The US Military and the Challenge of Learning from Foreign ConflictsSatisfaction:
Preparing for the next war at an unknown date against an undetermined opponent is a difficult undertaking with extremely high stakes. Thus, outside of their own combat, militaries have studied foreign wars as a valuable source of battlefield information. The effectiveness of this learning process, however, has rarely been evaluated across different periods and contexts.
Through a series of in-depth case studies of the US Army, Navy, and Air Force, Brent L. Sterling creates a better understanding of the dynamics of learning from "other people's wars," determining what types of knowledge can be gained from foreign wars, identifying common pitfalls, and proposing solutions to maximize the benefits for doctrine, organization, training, and equipment.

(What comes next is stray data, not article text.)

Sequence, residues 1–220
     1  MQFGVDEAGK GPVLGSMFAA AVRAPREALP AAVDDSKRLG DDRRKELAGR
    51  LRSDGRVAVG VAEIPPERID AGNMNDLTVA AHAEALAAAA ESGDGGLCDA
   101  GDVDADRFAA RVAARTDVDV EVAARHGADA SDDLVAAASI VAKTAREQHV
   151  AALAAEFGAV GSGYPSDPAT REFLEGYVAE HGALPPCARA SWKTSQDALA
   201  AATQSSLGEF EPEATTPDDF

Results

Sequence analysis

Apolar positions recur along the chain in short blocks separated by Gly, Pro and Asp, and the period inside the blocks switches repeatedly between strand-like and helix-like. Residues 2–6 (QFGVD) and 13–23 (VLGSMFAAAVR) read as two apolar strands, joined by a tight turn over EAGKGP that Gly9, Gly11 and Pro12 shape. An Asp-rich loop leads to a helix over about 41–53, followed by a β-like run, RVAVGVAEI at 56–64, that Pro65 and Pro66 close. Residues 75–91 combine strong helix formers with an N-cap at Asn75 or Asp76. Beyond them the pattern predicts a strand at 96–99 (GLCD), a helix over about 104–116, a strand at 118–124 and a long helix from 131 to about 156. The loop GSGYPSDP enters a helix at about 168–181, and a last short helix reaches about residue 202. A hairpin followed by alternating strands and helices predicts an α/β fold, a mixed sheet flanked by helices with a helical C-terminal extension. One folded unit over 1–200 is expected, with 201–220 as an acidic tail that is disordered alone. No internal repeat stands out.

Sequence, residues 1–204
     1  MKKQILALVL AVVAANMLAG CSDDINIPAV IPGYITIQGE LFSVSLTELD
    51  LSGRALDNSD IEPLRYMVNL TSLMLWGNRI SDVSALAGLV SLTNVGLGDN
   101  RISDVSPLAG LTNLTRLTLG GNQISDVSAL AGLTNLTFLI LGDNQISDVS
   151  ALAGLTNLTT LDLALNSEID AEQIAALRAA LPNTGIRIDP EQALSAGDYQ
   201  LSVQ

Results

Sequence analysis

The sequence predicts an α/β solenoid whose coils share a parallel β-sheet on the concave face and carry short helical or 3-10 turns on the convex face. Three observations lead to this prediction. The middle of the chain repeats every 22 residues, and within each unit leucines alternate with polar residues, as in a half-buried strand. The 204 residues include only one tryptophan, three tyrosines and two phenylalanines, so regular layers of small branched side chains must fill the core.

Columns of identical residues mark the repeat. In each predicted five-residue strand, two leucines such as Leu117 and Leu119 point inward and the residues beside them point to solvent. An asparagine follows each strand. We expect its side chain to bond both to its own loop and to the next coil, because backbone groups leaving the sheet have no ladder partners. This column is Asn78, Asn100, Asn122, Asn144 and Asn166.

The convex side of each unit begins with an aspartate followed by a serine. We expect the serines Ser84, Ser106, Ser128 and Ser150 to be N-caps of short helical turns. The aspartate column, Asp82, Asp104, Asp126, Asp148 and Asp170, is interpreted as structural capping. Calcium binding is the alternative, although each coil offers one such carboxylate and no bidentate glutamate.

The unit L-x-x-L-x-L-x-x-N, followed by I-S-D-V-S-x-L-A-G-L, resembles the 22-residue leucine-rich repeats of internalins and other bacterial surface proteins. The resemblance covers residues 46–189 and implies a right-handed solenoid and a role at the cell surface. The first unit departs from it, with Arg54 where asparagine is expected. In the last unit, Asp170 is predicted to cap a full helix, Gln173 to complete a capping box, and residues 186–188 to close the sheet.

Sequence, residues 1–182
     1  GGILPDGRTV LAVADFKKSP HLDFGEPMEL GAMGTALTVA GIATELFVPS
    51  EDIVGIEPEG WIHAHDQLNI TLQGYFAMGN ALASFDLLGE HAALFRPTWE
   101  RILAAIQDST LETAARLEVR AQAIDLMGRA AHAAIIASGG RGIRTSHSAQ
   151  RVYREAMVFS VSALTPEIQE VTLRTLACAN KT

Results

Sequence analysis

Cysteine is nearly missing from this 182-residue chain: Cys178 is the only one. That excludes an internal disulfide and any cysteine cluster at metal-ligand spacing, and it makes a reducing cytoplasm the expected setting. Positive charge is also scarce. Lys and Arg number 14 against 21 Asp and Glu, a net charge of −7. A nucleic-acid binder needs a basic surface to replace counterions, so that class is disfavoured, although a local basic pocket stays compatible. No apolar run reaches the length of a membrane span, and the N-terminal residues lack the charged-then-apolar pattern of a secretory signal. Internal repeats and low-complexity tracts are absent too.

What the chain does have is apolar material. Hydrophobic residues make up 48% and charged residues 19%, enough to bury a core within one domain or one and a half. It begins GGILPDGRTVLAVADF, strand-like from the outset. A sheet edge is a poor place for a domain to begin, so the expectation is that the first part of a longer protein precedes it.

Other People's Wars explores major US efforts involving direct observation missions and post-conflict investigations at key junctures for the US armed forces: the Crimean War (1854–56), Russo-Japanese War (1904–5), Spanish Civil War (1936–39), and Yom Kippur War (1973), which preceded the US Civil War, First and Second World Wars, and major army and air force reforms of the 1970s, respectively. The case studies identify learning pitfalls but also show that initiatives to learn from other nations' wars can yield significant benefits if the right conditions are met.